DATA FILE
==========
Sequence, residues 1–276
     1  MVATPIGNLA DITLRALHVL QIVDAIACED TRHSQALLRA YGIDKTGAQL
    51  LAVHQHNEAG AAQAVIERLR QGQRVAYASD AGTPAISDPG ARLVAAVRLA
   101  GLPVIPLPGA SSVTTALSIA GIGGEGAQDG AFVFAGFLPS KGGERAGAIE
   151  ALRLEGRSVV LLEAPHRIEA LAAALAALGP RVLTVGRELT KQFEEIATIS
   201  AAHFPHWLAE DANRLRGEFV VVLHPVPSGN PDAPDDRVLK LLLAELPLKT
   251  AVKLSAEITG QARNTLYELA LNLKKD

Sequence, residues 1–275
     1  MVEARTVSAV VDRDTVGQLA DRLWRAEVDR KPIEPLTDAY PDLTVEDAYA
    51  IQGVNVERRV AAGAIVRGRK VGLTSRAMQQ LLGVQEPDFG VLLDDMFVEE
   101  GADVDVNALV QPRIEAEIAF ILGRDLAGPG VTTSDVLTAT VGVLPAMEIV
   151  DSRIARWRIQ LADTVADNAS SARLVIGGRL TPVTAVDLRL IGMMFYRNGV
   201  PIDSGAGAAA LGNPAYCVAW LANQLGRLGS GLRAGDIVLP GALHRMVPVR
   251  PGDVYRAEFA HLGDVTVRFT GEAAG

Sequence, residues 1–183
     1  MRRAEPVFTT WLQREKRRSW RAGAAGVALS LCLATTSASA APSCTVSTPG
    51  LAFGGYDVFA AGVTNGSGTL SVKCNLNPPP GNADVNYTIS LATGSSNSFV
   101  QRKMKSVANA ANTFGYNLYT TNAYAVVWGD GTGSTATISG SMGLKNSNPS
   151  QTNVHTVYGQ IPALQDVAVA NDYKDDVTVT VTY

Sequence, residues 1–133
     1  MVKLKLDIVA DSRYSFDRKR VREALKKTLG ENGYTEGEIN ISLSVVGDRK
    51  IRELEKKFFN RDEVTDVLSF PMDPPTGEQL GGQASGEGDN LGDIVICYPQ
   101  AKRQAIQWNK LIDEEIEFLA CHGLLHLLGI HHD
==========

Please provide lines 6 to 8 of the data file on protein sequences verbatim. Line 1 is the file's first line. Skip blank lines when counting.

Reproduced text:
   201  AAHFPHWLAE DANRLRGEFV VVLHPVPSGN PDAPDDRVLK LLLAELPLKT
   251  AVKLSAEITG QARNTLYELA LNLKKD

Sequence, residues 1–275